There’s been a “steady” decline in the growth of net operating cash flow in U.S. stocks, excluding the financial and energy sectors, the French bank’s analysts highlighted in a recent note. (Financials have benefited from rising interest rates, while oil companies have been bolstered by the increase in crude prices.)
The slowdown for the broader group of companies is noteworthy because it’s coincided with both a slump in the dollar and a decline in the yield curve, said the strategists. An inverted yield curve, which will occur if the trend continues, has historically come before economic slumps like the one that started about 10 years ago. And a falling dollar could reflect relatively more positive investor sentiment about economies outside the U.S.
“If the cash-flow growth signal is correct, and that reinforces the yield-curve view” of the U.S. outlook, “then equity markets could be in for a nasty surprise,” according to SocGen.
- “People ask ‘well what will trigger it (a market correction)?’ But it doesn’t need a trigger, it’s the dynamics of bubbles inherently makes them come to an end eventually,” he said
- Shiller, who won the Nobel Prize for Economics in 2013 for his work on asset prices and inefficient markets, said that markets could “absolutely suddenly turn”
Stock markets might be continuing their run higher this year but Nobel Prize-winning economist Robert Shiller told CNBC Tuesday that a market correction could come at any time and without warning.
“People ask ‘well what will trigger it (a market correction)?’ But it doesn’t need a trigger, it’s the dynamics of bubbles inherently makes them come to an end eventually,” he said.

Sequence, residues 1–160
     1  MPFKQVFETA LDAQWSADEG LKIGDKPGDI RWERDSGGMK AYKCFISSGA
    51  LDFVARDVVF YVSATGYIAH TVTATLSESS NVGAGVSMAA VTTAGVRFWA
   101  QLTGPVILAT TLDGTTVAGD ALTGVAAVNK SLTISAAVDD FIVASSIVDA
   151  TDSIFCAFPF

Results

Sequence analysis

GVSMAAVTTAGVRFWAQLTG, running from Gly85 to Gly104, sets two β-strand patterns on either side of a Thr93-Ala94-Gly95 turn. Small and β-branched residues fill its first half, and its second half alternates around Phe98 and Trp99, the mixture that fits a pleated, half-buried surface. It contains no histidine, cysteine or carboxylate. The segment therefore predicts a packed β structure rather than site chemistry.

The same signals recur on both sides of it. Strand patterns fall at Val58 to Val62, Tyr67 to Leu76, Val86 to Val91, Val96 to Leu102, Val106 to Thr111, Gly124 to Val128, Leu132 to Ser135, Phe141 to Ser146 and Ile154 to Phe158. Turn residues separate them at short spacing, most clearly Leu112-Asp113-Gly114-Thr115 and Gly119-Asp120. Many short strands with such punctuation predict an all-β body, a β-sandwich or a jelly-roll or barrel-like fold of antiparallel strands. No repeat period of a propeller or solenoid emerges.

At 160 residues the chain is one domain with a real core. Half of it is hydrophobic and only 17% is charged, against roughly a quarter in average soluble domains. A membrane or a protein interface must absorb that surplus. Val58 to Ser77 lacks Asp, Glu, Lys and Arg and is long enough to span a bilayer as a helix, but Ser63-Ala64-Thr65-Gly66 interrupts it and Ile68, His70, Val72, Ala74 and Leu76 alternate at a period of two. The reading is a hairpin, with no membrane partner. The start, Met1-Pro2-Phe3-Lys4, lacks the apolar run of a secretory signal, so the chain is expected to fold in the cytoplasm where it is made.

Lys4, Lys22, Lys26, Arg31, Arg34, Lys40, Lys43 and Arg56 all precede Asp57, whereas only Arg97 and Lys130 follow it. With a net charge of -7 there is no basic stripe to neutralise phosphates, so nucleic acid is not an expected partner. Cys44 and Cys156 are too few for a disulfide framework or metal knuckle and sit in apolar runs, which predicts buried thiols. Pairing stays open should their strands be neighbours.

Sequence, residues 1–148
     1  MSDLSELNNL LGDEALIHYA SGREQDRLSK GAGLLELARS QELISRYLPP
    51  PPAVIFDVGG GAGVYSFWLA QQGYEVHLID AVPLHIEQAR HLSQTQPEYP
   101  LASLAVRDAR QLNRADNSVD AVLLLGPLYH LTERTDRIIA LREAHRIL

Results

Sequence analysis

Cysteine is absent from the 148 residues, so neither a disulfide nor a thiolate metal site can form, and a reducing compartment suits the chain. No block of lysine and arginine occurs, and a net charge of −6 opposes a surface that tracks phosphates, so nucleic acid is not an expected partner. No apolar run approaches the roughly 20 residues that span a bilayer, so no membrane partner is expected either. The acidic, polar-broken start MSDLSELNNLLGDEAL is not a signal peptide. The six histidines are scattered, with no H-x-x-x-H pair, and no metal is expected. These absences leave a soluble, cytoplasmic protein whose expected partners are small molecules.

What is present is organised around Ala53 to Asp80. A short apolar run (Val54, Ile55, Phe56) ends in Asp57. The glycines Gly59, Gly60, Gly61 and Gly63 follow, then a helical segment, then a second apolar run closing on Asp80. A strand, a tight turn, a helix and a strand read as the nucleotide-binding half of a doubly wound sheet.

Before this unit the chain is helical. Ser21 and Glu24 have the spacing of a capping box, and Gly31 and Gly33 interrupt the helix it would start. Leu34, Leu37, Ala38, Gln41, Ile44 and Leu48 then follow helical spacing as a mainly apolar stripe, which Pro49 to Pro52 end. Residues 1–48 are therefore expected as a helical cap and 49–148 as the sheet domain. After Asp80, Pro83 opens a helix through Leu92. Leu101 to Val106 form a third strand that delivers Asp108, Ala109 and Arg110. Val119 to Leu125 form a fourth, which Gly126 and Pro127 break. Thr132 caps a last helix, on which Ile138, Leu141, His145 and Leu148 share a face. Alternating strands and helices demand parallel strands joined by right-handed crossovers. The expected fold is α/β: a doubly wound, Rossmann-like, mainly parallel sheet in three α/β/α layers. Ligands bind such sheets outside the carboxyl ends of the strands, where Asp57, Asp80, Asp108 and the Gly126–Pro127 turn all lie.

On Monday, the Dow, S&P 500 and Nasdaq composite rose to all-time highs after members of the U.S. Senate reached a short-term compromise on the budget to keep the government open through to February 8. The new all-time highs come after a robust year for U.S. equities in Donald Trump’s first year as president. Perhaps the largest boost for equities during his tenure so far was the overhaul of the U.S. tax system that saw corporation tax slashed from 35 percent to 21 percent.
The investment industry usually operates on a simple piece of logic: money managers pitch to their clients and persuade them to stump up cash. But when CVC Capital Partners, the private equity group best known for the 2005 takeover of Formula One, set out to raise a new fund last year, the investors were the ones begging to gain access.
Europe’s largest buyout fund rented some 20 rooms at the Savoy Hotel in central London at the start of last year as investors pressed the flesh with senior managers. Treated more like celebrities than investment managers, CVC’s star dealmakers were on display for investors wishing to buy into the heavily oversubscribed fund.
“Every 45 minutes we would swap over,” says a long-time investor in CVC funds, each time meeting a different executive in the hope that they would let them in their fund. “We make sure managers like us and keep us. It’s hard to get [our] money in the door these days.”
Morgan Stanley said last year that client cash levels are at record lows.
We noted previously that the cash balance of equity mutual funds is at an all-time low 3.3%.
And now, with his share price at 52-week highs after beating earnings, TD Ameritrade CEO Tim Hockey confirms this extreme level of complacency in today’s earnings call…
“While cash levels are up slightly sequentially to approximately $150 billion, cash as a percentage of total client assets remained at historic lows at 12.7%, down slightly from last quarter due to the growth in the value of investments and as a result of strong net buying from our retail clients…”